In recent years, scientists have begun to recognize that seemingly isolated rocks beneath the seafloor are a haven for microbial life. Biological activity in this subseafloor realm likely impacts ocean chemistry and the ocean’s critical capacity to store carbon and maintain the planet’s habitability. Our understanding of this activity, currently is in its infancy, will substantially expand thanks to the next Falkor mission.
On September 22, Falkor departed Victoria, British Columbia with the ROPOS remotely operated vehicle, headed to the underwater volcano called Axial Seamount, about 575 kilometers to the southwest. There, a team began an unprecedented study of the microbes and viruses that live within the rocky layers beneath the seafloor.
Julie Huber at the Marine Biological Laboratory led the new collaboration with Schmidt Ocean Institute, which also involves Huber’s colleagues from University of Washington, NOAA Pacific Marine Environmental Laboratory, University of Massachusetts, Amherst, and J. Craig Venter Institute.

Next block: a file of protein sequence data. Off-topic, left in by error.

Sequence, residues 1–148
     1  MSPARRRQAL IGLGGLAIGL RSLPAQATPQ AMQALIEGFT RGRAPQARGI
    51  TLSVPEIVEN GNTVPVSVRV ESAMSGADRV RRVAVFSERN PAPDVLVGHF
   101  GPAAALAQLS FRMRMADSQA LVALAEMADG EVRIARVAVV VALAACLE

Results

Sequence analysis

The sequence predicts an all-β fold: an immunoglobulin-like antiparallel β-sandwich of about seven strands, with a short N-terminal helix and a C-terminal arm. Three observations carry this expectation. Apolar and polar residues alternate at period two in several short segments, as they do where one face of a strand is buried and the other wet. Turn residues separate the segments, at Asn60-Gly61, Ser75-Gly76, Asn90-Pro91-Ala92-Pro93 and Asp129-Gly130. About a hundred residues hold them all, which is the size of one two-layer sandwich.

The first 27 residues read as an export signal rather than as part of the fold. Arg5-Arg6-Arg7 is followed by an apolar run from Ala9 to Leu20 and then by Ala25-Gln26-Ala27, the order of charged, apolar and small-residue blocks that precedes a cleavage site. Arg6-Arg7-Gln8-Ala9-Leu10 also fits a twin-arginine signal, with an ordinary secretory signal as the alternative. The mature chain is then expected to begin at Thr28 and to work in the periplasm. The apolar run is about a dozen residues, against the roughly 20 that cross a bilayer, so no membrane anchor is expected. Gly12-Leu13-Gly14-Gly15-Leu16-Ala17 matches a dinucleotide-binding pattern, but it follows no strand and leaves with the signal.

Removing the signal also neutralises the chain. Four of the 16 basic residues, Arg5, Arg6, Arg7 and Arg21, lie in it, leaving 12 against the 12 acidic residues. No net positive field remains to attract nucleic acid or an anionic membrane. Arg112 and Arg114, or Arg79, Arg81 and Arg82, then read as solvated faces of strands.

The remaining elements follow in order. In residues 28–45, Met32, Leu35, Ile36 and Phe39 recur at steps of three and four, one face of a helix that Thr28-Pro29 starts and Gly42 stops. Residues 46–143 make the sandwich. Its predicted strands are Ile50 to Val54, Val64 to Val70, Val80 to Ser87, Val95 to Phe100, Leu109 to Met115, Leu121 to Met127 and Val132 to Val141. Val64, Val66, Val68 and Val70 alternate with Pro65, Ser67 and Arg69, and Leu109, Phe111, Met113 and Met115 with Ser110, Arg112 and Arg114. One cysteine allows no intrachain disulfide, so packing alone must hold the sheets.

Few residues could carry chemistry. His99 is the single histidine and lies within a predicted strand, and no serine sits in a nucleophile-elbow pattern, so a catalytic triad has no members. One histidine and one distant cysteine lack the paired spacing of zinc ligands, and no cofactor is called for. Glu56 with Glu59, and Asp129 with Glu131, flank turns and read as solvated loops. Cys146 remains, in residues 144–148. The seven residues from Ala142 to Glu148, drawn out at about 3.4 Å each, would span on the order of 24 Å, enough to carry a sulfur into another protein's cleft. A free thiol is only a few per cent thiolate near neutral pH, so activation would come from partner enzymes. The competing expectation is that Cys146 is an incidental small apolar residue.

Unlike most of the ocean, the subseafloor environment does not directly receive organic matter derived from photosynthesis. The food webs in the subseafloor instead begin with microbes able to produce energy and food from chemicals and inorganic carbon, or chemosynthesis.
Some estimates suggest there could be up to ten times more microbial cells in the subseafloor than in the ocean itself. Yet, the associated potential for production of new carbon is rarely considered in traditional oceanographic models of carbon cycling or microbial food webs. That is because we know so little about this underexplored and potentially ubiquitous microbial habitat.
The functional consequences of an extensive population of microbes living in the subseafloor remains unknown, and we can’t yet say how these organisms interact with one another and influence the biogeochemistry of the oceans.
Microbes aren’t the whole story in the subseafloor. Viruses—organisms that are only able to survive within the living cells of a host—are likely plentiful there, although we know almost nothing about them. That’s despite the fact that viral infection of microbial cells can cause them to break up, or lyse, releasing carbon and other nutrients back into the subseafloor. In addition, through the infection process, viruses may also be important contributors of new genes to microbes, with significant historic effects on their evolution.